Volumes have been written about millennial work styles and behaviors – and for good reason. By 2025, millennials will make up 75 percent of the global workforce. Often missing from the discussion are millennials’ perspectives on their own careers.

The Pepperdine Graziadio Business School explores these questions in a new research study, “Millennial vs. Machine: A Generational Study on Careers, Automation and Getting Ahead in an Era of Uncertainty.” The research examines the attitudes and behaviors of U.S. millennials, focusing additionally and specifically on millennials in California. Among the many findings, the research shows millennials have deep-seated concerns about their careers and the impact of economic and business trends. While upbeat about current jobs and salaries, findings suggest millennials are battle-worn from the prolonged recession.


A decade ago the job market essentially evaporated just as millennials were entering the labor pool. In the Pepperdine Graziadio poll, when asked what the greatest risk to their career is, the largest response was “economic downturn or recession”—cited by the majority of respondents. The next-greatest threats were “inability to keep skills current with the needs of employers” and “technology that exceeds your skillset or ability.” For their part, California millennials were slightly more likely to cite a recession as the top risk.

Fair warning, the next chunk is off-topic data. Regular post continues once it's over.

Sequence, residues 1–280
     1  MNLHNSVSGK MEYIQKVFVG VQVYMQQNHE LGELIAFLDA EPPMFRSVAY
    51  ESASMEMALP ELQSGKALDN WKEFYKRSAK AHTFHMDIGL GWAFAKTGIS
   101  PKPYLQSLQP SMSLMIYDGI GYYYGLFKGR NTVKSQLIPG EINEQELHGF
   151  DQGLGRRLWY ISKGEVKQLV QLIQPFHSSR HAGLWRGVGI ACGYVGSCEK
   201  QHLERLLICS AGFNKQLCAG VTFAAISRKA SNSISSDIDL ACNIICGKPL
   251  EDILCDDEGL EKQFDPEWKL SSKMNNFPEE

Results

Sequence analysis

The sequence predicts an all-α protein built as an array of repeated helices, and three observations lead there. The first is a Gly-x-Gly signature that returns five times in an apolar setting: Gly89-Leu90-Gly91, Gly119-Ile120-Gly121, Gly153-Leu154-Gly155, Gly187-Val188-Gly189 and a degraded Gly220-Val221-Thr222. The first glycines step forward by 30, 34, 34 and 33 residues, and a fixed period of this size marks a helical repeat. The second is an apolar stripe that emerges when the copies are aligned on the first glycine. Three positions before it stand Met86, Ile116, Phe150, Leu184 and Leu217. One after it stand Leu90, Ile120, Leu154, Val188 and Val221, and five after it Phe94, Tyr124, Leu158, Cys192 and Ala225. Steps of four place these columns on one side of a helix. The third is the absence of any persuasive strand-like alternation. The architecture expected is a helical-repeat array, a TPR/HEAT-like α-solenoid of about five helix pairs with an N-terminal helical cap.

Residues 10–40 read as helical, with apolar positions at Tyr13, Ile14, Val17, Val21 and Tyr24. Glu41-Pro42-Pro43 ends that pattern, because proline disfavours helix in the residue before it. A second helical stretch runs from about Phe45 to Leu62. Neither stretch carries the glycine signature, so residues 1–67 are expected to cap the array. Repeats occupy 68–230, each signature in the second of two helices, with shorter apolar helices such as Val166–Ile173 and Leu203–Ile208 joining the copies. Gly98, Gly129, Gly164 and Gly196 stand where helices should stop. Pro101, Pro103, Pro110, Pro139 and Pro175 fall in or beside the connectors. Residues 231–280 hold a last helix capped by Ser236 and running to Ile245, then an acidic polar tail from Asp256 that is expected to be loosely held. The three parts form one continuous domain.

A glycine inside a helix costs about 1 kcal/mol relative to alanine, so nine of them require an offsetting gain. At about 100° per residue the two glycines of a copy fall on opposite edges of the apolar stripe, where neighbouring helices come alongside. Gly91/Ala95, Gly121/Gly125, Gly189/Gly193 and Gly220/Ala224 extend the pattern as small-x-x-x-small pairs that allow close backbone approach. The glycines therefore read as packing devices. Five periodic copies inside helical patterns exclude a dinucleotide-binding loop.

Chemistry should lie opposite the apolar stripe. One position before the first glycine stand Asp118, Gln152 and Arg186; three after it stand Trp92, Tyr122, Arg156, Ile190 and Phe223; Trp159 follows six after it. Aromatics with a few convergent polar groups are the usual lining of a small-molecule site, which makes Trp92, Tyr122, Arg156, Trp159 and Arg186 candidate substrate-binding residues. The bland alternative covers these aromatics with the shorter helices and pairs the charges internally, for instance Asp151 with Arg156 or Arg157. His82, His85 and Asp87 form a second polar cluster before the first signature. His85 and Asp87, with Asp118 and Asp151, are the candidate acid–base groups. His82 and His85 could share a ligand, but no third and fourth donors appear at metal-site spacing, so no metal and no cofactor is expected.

Which of the following do you believe is the greatest risk to your career?

In spite of worries about economic uncertainty, U.S. millennials are actually quite upbeat about their potential careers. Indeed, a large percentage said they are confident they can meet those goals.

How confident are you that you can achieve your career goals?

While much has been written about millennials’ high expectations for work and career, millennials themselves seem to think the job market is doing fairly well at meeting those expectations. Seventy eight percent said that they believe there are job openings that offer career growth for their age group, and 81 percent said that was true for jobs that offer a decent paycheck. What’s more, 70 percent believe that there are jobs out there that offer both; among California millennials, that figure was 75 percent.


More than one third of employed millennials believe that within 20 years, machines will be able to do the job they do today.

What’s more, "automation" is a not an abstract concept or distant possibility. Many younger workers are seeing it here and now. About 4 in 10 currently employed millennials either work in or have considered a job that manages automation.

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